Felinae

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Felinae[1]
Temporal range: MioceneHolocene, 9–0 Ma
Jaguarundi-s.jpg
Jaguarundi (Herpailurus yagouaroundi)
Scientific classification e
Kingdom: Animalia
Phylum: Chordata
Class: Mammalia
Order: Carnivora
Suborder: Feliformia
Family: Felidae
Subfamily: Felinae
Fischer von Waldheim, 1817
Type genus
Felis
Genera
Felinae range.png
Native ranges of Felinae

The Felinae is a subfamily of the family Felidae that comprises the small cats that have a bony hyoid, because of which they are able to purr but not roar.[2]

The term Felini was first used in 1817 by Gotthelf Fischer von Waldheim, at the time for all the cat species that had been proposed as belonging to the genus Felis.[3] In 1917, Reginald Innes Pocock defined this subfamily as "having an ossified hyoid and retracted claws protected by at least one cutaneous lobe". He also subordinated the following genera to the Felinae that had been proposed in the course of the 19th century: Lynx, Puma, Leptailurus, Prionailurus, Pardofelis, Leopardus, Herpailurus, Neofelis and four more.[4]

The Felinae and Pantherinae probably diverged about 11.5 million years ago. The genera within the Felinae diverged between 10.67 and 4.23 million years ago.[5][6]

Other authors proposed an alternative definition for the subfamily Felinae as comprising only the living conical-toothed cat genera with two tribes, the Felini and Pantherini; thus excluding all fossil cats.[7][8]

Living genera[edit]

Today, the following living genera and species are recognised as belonging to the Felinae:[2]

Fossil taxa[edit]

References[edit]

  1. ^ Wozencraft, W.C. (2005). "Felinae". In Wilson, D.E.; Reeder, D.M. Mammal Species of the World: A Taxonomic and Geographic Reference (3rd ed.). Johns Hopkins University Press. pp. 532–545. ISBN 978-0-8018-8221-0. OCLC 62265494.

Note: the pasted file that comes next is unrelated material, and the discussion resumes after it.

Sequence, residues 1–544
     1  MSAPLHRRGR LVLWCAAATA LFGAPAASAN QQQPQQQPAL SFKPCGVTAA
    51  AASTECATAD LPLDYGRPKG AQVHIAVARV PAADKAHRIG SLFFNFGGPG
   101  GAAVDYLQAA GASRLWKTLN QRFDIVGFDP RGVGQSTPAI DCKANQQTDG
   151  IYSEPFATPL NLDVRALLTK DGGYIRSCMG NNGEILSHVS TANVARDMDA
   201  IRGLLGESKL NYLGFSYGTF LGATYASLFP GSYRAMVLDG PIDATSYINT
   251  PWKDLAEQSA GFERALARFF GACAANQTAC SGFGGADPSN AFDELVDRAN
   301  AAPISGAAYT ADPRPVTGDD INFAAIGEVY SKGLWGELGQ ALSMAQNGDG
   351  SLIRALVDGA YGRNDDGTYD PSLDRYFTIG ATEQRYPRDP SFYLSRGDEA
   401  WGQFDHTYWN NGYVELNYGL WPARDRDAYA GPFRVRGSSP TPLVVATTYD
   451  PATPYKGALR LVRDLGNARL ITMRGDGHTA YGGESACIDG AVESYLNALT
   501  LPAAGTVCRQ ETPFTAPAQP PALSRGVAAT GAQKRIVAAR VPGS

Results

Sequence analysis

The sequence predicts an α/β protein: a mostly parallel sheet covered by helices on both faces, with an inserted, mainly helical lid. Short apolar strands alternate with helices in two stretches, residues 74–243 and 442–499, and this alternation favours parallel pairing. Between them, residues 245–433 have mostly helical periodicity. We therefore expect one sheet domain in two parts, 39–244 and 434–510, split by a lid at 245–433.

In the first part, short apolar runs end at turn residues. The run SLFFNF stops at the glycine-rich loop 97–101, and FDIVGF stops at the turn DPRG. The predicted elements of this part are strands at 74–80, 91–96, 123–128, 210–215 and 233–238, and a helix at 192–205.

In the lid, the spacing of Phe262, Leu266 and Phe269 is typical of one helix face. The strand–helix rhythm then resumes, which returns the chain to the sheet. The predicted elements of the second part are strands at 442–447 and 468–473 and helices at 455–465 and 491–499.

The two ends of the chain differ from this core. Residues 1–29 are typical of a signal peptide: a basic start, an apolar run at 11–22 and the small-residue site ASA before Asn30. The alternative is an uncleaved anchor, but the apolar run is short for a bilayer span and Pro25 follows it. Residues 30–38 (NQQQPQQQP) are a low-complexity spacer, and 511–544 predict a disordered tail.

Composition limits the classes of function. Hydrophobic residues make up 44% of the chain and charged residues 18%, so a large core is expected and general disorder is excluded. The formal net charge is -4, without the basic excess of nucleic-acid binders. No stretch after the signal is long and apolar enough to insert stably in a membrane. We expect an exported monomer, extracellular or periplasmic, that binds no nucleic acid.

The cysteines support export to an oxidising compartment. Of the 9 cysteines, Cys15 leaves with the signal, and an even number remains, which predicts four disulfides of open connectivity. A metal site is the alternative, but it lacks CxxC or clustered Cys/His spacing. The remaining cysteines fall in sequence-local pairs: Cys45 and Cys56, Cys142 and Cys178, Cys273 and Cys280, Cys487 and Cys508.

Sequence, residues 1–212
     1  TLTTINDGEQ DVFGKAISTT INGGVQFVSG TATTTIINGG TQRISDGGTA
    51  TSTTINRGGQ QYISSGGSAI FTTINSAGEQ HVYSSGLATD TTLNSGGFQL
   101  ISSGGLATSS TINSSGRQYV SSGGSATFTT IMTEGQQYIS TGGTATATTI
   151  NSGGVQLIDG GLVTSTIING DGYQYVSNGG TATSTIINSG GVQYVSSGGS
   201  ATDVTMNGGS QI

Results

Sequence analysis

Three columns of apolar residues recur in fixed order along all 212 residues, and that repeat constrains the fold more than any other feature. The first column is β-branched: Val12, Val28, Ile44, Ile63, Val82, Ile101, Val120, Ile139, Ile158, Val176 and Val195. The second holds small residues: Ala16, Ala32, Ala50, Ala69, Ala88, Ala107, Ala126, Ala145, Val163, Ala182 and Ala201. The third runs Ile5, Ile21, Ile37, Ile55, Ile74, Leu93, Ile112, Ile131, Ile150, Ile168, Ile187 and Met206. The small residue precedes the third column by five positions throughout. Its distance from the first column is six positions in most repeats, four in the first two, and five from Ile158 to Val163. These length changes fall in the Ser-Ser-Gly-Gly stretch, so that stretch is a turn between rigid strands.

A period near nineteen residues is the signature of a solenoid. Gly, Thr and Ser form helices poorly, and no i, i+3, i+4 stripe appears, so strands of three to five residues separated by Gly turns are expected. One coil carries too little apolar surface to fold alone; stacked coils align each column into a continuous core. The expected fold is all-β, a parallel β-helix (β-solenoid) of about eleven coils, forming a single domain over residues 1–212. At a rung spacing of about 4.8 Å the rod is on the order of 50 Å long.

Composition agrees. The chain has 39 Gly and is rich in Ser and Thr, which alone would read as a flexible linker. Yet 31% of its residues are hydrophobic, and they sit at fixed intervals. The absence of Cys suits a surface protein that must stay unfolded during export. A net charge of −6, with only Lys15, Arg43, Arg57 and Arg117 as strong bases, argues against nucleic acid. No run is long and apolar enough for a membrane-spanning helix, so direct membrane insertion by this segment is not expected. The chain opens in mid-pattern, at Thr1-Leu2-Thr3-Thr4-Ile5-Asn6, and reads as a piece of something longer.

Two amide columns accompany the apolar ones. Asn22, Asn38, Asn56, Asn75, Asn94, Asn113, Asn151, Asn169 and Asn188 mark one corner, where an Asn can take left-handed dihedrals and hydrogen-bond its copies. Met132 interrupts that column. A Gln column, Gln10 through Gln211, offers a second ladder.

2. ^ a b Kitchener, A. C.; Breitenmoser-Würsten, C.; Eizirik, E.; Gentry, A.; Werdelin, L.; Wilting, A.; Yamaguchi, N.; Abramov, A. V.; Christiansen, P.; Driscoll, C.; Duckworth, J. W.; Johnson, W.; Luo, S.-J.; Meijaard, E.; O’Donoghue, P.; Sanderson, J.; Seymour, K.; Bruford, M.; Groves, C.; Hoffmann, M.; Nowell, K.; Timmons, Z.; Tobe, S. (2017). "A revised taxonomy of the Felidae: The final report of the Cat Classification Task Force of the IUCN Cat Specialist Group" (PDF). Cat News. Special Issue 11: 11−63.
  3. ^ Fischer, G. (1817). "Adversaria Zoologica. Fasciculus primus. Quaedam ad Mammalium systema et genera illustranda". Mémoires de la Société Impériale des Naturalistes de Moscou. 5: 357−446.
  4. ^ Pocock, R. I. (1917). "The classification of the existing Felidae". Annals and Magazine of Natural History. Series 8. XX (119): 329–350.
  5. ^ Johnson, W. E.; Eizirik, E.; Pecon-Slattery, J.; Murphy, W. J.; Antunes, A.; Teeling, E. & O'Brien, S. J. (2006). "The Late Miocene radiation of modern Felidae: A genetic assessment". Science. 311 (5757): 73–77. doi:10.1126/science.1122277. PMID 16400146.
  6. ^ Li, G.; Davis, B. W.; Eizirik, E.; Murphy, W. J. (2016). "Phylogenomic evidence for ancient hybridization in the genomes of living cats (Felidae)". Genome Research. 26: 1−11.
  7. ^ Werdelin, L.; Yamaguchi, N.; Johnson, W. E.; O'Brien, S. J. (2010). "Phylogeny and evolution of cats (Felidae)" (PDF). In Macdonald, D. W.; Loveridge, A. J. Biology and Conservation of Wild Felids. Oxford, UK: Oxford University Press. pp. 59–82. ISBN 978-0-19-923445-5.
  8. ^ Werdelin, L. (2013). "Subfamily Felinae − Cats". In Kingdon, J.; Happold, D.; Butynski, T.; Hoffmann, M.; Happold, M.; Kalina, J. Mammals of Africa. 5. London, UK: Bloomsbury Publishing. pp. 144–210. ISBN 978-1-4081-2251-8.

External links[edit]

  • Media related to Felinae at Wikimedia Commons
  • Data related to Felinae at Wikispecies